“Fear makes strangers of people who would be friends.” – Shirley MacLaine
Tom could have remained silent. He could have given a polite nod or busied himself with reviewing the work he’d brought with him. But he didn’t. And now, he’s got a brand-new client that brings him $40,000 a year in extra revenue.
You see, Tom is a Web designer. He attended a seminar last fall and ended up sitting next to an art director from one of the largest Web design agencies in the country. When he sat down next to the man, Tom didn’t know who he was. In fact, Tom assumed he was a “starving artist” because of the way he was dressed.
What Tom did know is that it’s important to break the ice with strangers – because you never know who could offer you the next big break in your career. So instead of quietly sitting in his own seat, Tom turned to the man, held out his hand, and said a friendly “hello.” Just doing that – offering a simple greeting – let the art director know that Tom was open to talking. And that little “hello” turned into a lengthy conversation.
Tom exchanged contact info with his new acquaintance and the two kept in touch after the seminar. They exchanged e-mails … Tom sent samples of his work … and now the art director’s agency is Tom’s biggest client.
Of course, it’s not always easy to open up the pathways of communication. Take my friend, Jack, for example. He often eats lunch out – and when he does, he sits at the counter instead of a table in the hopes of striking up a conversation. And he’s noticed something fascinating about the first few seconds with a stranger: If Jack doesn’t say something right away, it’s nearly impossible to initiate a conversation later on. “If you sit down in silence and miss that tiny window of opportunity,” Jack told me, “the whole thing seems to get 50 times harder, because then you have to break a pre-existing silence with some kind of opening line. And that triggers a whole useless monologue in my head (‘He doesn’t want to talk to me. He’s got things on his mind.’) instead of a conversation with this other person. Even worse, it feeds into the voice that says, ‘I’m so bad at this,’ and puts the focus on something that is totally unimportant.”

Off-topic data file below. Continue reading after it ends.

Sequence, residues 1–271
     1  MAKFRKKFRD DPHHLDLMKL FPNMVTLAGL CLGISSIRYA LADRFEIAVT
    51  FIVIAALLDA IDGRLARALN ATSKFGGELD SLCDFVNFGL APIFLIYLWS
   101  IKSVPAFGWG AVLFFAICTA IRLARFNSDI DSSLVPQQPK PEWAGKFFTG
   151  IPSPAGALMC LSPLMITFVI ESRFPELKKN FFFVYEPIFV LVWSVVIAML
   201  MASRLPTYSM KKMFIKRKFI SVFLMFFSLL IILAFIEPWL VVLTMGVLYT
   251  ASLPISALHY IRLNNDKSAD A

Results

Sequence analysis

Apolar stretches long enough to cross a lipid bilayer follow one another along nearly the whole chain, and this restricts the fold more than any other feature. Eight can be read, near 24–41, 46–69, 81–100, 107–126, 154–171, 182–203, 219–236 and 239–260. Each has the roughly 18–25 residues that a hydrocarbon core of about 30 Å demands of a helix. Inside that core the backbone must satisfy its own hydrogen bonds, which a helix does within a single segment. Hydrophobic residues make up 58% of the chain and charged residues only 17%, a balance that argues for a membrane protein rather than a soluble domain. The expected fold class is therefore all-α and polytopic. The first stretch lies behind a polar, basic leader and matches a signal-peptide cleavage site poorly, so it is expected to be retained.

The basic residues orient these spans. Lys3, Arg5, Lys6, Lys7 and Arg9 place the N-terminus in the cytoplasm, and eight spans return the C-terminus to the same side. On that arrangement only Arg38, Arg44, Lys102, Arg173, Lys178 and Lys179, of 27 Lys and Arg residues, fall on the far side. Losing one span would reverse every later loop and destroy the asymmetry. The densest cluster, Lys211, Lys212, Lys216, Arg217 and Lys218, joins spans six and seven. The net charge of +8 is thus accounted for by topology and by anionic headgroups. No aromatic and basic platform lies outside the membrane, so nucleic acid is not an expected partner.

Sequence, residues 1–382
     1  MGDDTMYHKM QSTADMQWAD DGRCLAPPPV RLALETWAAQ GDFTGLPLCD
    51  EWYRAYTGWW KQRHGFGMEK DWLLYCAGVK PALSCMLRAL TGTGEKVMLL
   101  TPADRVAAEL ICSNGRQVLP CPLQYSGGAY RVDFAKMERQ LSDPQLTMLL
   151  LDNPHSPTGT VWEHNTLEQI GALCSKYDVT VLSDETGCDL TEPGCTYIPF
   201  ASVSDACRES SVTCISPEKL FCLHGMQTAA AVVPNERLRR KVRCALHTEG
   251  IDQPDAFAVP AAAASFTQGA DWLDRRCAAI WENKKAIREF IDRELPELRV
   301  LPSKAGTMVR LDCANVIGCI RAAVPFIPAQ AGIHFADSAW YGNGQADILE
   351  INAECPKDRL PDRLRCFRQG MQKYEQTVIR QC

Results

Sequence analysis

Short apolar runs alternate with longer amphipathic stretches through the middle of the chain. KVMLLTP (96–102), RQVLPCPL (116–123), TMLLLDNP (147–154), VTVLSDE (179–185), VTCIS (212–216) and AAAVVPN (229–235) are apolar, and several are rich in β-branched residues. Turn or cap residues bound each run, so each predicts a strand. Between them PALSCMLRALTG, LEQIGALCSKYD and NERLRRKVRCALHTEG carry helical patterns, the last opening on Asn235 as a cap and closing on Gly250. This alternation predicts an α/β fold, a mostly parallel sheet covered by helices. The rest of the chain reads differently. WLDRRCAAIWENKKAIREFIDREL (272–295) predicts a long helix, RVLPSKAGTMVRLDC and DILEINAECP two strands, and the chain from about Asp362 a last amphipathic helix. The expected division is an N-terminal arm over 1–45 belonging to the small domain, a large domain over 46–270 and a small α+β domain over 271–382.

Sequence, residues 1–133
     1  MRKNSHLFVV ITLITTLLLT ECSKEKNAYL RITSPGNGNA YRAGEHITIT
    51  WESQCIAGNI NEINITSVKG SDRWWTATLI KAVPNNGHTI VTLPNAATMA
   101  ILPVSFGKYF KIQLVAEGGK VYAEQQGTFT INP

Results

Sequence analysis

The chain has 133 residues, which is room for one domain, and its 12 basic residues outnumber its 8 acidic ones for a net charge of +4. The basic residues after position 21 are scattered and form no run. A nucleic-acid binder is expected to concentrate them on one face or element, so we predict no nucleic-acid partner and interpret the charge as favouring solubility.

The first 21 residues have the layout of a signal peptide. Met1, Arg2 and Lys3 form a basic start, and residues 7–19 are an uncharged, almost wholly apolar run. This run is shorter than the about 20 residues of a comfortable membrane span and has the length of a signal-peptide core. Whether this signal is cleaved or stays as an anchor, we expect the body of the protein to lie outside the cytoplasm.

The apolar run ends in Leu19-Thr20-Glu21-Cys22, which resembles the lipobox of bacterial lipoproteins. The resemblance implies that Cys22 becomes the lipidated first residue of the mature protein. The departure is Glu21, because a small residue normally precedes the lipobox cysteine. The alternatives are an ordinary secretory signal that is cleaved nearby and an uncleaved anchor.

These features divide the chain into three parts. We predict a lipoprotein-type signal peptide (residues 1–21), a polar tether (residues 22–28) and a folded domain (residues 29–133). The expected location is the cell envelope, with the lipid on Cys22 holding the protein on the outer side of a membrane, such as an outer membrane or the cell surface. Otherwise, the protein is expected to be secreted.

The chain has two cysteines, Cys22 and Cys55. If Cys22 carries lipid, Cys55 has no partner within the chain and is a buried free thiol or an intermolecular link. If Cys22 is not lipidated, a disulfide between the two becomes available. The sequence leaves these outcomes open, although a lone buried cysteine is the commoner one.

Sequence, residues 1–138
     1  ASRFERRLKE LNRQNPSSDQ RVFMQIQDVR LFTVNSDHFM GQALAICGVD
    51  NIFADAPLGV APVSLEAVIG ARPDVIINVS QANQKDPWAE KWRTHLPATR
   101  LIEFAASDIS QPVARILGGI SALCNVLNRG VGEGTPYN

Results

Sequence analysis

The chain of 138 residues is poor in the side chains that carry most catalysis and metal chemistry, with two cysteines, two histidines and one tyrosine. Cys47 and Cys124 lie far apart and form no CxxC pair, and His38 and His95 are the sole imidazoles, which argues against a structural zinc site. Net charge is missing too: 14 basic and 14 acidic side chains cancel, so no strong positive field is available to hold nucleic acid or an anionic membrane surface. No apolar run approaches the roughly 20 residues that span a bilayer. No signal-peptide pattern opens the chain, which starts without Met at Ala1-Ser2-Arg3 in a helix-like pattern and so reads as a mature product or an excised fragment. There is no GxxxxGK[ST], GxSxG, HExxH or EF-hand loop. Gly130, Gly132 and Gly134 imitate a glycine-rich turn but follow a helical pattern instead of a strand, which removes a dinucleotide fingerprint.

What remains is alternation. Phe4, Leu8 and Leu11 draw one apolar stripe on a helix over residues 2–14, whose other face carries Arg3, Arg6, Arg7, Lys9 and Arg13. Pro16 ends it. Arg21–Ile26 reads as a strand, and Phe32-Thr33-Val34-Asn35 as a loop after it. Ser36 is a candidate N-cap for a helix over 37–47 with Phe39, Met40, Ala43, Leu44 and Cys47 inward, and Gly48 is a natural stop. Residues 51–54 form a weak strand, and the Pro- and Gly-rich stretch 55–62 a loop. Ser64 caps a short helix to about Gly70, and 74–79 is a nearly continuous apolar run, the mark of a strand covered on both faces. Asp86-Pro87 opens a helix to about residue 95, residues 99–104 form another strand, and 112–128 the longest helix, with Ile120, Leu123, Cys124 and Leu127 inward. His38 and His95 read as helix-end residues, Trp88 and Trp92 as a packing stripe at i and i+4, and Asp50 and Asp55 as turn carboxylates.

I love Tom’s and Jack’s stories, because they demonstrate a very small networking action that every one of us has the potential to use. You see, the first moment with a stranger – at a party, on an airplane, at a networking event – is a very important one. Will you ignore each other? Or will you talk?
We all know that a first impression takes hold in those first few seconds. And that’s also when the stage is set for initiating a conversation. A conversation that could lead to a new project … a new job … a new friend … a new idea … a new relationship or partnership. Indeed, this conversation could go anywhere. But not if you stay silent. The window of opportunity closes quickly. And if you miss it, you can’t get it back.
But that doesn’t have to mean the opportunity is gone. You can still initiate a conversation; it’s just more difficult. Jack says it’s like first-strike battle tactics. If you don’t hit hard right at the beginning, it will be a longer slog later.
So from now on, be ready to seize that first moment with a stranger by saying something to break the ice. Don’t use the excuse that you “just don’t know what to say.” The truth is that almost anything qualifies as an icebreaker. You can: … simply say, “How are you today?” … comment on something you observe. If they’re reading, ask about the reading material. If they’re eating, ask about the food. … offer to share something you have, whether it’s food (I always carry good dark chocolate just for this purpose) or a newspaper.
If the thought of initiating a conversation still makes you uncomfortable, keep these two things in mind:
1. The content of your opening line is irrelevant. It simply serves the purpose of saying “I am available to talk if you are.” A simple acknowledgment and “hello” can do the trick. It’s like sticking a wedge in the door so it won’t close.
2. The other person may be self-conscious too. So be sensitive to his openness and proceed accordingly. He may appreciate your effort or may not be in the mood to talk. If the response you get is a perfunctory one, don’t push. But you should absolutely not take it as a personal rejection. It has nothing to do with you.
Talking to other people is one of the best ways to learn things you don’t know and set down the foundation for a relationship that could go anywhere. You don’t need to know right away where it’s going or what is possible. People’s needs are constantly changing, so even if you can’t envision any potential in that first conversation, you should still exchange contact information and stay in touch. Plenty of amazing contacts can arise out of meeting a stranger.
Take me, for example. Last year, while waiting for a client in a hotel lobby, I struck up conversation with a man who worked for a major accounting firm. It turned out he was in the market for someone to teach a networking workshop at his company’s upcoming training conference. I also know a copywriter who attended last fall’s AWAI Fast Track to Success Bootcamp. She approached a complete stranger – who turned out to be the publisher of a financial service. Three months later, that publishing company offered her a project – her very first paying job as a copywriter!
Just think – a chance meeting like one of these could have a profound effect on your future success. It could mean a new mentor, an extra $40,000 a year, or a brand-new job.
(Ed Note: Ilise Benun is a frequent contributor to ETR. Check out her new program, “Effective Networking: The Fastest Way to Win Clients and Grow Your Business”